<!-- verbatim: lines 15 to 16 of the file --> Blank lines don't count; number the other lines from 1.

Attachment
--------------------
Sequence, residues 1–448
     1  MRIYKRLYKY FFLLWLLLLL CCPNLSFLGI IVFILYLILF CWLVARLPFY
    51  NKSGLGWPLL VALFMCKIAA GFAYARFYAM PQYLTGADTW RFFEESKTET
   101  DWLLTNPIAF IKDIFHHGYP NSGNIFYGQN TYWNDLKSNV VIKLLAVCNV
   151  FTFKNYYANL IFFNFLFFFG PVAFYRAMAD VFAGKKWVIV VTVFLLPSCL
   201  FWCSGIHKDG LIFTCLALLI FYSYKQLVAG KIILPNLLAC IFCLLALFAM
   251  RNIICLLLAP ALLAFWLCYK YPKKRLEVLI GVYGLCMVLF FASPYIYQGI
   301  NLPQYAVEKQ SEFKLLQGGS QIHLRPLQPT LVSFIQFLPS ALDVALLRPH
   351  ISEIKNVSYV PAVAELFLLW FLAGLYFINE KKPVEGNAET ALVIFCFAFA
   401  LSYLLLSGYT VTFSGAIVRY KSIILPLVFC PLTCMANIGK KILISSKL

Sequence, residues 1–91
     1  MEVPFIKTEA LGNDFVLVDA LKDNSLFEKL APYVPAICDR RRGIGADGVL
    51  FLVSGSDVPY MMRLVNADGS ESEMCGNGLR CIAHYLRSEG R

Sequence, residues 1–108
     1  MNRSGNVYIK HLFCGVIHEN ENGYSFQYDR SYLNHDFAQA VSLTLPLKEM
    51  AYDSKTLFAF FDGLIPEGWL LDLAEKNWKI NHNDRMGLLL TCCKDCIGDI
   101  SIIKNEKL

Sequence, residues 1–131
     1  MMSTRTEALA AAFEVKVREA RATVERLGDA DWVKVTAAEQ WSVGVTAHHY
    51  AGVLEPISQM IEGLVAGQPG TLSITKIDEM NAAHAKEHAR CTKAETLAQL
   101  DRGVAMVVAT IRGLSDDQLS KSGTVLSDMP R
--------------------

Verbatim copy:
     1  MNRSGNVYIK HLFCGVIHEN ENGYSFQYDR SYLNHDFAQA VSLTLPLKEM
    51  AYDSKTLFAF FDGLIPEGWL LDLAEKNWKI NHNDRMGLLL TCCKDCIGDI